• H02H7/1225Emergency protective circuit arrangements specially adapted for specific types of electric machines or apparatus or for sectionalised protection of cable or line systems, and effecting automatic switching in the event of an undesired change from normal working conditions for converters; for rectifiers for static converters or rectifiers for inverters, i.e. dc/ac converters responsive to internal faults, e.g. shoot-through
    • HELECTRICITY
    • H02GENERATION; CONVERSION OR DISTRIBUTION OF ELECTRIC POWER
    • H02HEMERGENCY PROTECTIVE CIRCUIT ARRANGEMENTS
    • H02H7/00Emergency protective circuit arrangements specially adapted for specific types of electric machines or apparatus or for sectionalised protection of cable or line systems, and effecting automatic switching in the event of an undesired change from normal working conditions
    • H02H7/10Emergency protective circuit arrangements specially adapted for specific types of electric machines or apparatus or for sectionalised protection of cable or line systems, and effecting automatic switching in the event of an undesired change from normal working conditions for converters; for rectifiers
    • H02H7/12Emergency protective circuit arrangements specially adapted for specific types of electric machines or apparatus or for sectionalised protection of cable or line systems, and effecting automatic switching in the event of an undesired change from normal working conditions for converters; for rectifiers for static converters or rectifiers
    • H02H7/122Emergency protective circuit arrangements specially adapted for specific types of electric machines or apparatus or for sectionalised protection of cable or line systems, and effecting automatic switching in the event of an undesired change from normal working conditions for converters; for rectifiers for static converters or rectifiers for inverters, i.e. dc/ac converters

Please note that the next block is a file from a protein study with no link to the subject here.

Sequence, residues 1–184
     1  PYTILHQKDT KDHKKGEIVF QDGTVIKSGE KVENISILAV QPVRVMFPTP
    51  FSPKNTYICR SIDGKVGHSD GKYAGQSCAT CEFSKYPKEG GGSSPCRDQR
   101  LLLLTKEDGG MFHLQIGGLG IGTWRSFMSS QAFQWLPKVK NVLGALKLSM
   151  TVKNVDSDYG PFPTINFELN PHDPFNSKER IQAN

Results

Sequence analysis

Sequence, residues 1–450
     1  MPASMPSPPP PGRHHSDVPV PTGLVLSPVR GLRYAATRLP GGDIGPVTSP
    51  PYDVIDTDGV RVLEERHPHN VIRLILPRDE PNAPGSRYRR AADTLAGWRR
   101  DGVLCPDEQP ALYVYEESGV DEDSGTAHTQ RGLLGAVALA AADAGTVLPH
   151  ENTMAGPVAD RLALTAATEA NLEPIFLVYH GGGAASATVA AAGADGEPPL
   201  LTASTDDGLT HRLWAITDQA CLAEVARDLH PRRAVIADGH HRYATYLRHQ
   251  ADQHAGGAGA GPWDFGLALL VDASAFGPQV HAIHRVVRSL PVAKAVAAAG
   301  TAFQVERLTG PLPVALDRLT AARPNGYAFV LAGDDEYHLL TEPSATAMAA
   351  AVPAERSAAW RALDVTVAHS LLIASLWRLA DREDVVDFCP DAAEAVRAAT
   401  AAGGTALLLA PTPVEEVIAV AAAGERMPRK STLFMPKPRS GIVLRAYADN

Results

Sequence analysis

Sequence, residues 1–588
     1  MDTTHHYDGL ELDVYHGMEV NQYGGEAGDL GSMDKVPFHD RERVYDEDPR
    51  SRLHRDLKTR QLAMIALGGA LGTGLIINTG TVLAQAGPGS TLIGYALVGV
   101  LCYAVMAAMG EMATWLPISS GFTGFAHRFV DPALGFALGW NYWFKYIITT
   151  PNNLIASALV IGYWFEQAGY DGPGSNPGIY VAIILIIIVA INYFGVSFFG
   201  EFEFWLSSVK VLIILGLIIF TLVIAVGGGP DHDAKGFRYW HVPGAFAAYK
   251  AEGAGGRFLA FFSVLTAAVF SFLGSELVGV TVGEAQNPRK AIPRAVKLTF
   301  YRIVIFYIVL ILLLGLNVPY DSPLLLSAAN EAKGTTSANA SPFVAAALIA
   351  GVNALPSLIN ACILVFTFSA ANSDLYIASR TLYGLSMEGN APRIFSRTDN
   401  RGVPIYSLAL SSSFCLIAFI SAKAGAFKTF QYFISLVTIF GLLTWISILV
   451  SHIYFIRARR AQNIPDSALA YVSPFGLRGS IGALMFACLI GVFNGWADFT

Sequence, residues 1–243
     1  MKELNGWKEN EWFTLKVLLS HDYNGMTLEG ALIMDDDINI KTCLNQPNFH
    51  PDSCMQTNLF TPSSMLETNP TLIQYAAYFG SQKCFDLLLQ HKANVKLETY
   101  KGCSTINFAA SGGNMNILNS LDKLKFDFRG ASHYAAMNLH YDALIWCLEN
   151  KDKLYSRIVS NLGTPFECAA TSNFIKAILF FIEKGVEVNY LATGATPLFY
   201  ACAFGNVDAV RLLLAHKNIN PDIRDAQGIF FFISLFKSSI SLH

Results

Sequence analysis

• H02H7/1227Emergency protective circuit arrangements specially adapted for specific types of electric machines or apparatus or for sectionalised protection of cable or line systems, and effecting automatic switching in the event of an undesired change from normal working conditions for converters; for rectifiers for static converters or rectifiers for inverters, i.e. dc/ac converters responsive to abnormalities in the output circuit, e.g. short circuit
    • HELECTRICITY
    • H02GENERATION; CONVERSION OR DISTRIBUTION OF ELECTRIC POWER
    • H02PCONTROL OR REGULATION OF ELECTRIC MOTORS, ELECTRIC GENERATORS OR DYNAMO-ELECTRIC CONVERTERS; CONTROLLING TRANSFORMERS, REACTORS OR CHOKE COILS
    • H02P8/00Arrangements for controlling dynamo-electric motors of the kind having motors rotating step by step
    • H02P8/02Arrangements for controlling dynamo-electric motors of the kind having motors rotating step by step specially adapted for single-phase or bi-pole stepper motors, e.g. watch-motors, clock-motors
    • HELECTRICITY
    • H02GENERATION; CONVERSION OR DISTRIBUTION OF ELECTRIC POWER
    • H02PCONTROL OR REGULATION OF ELECTRIC MOTORS, ELECTRIC GENERATORS OR DYNAMO-ELECTRIC CONVERTERS; CONTROLLING TRANSFORMERS, REACTORS OR CHOKE COILS
    • H02P8/00Arrangements for controlling dynamo-electric motors of the kind having motors rotating step by step
    • H02P8/12Control or stabilisation of current

Abstract

A circuit for controlling a load current through a coil is connected to an output port of a transistor H-bridge that includes two low side transistors and two high side transistors. A current sense circuit is coupled to the H-bridge and configured to provide a representation of the load current provided by the output port. A current regulator is configured to generate a modulated signal dependent on the representation of the load current and a current set-point. The modulated signal has a duty-cycle. A gate control logic drives the individual transistors of the H-bridge on and off in accordance with the modulated signal. A direction signal provides the load current to the coil. The direction signal determines the direction of the load current. An over current detection circuit is coupled to each individual transistor and is configured to signal an over-current by providing an active over-current failure signal when a transistor current through the respective transistor exceeds a respective maximum value.

Description

    TECHNICAL FIELD
  • The invention relates to the field of over-current detection, especially to the diagnosis of particular over-current conditions in bipolar motor controllers.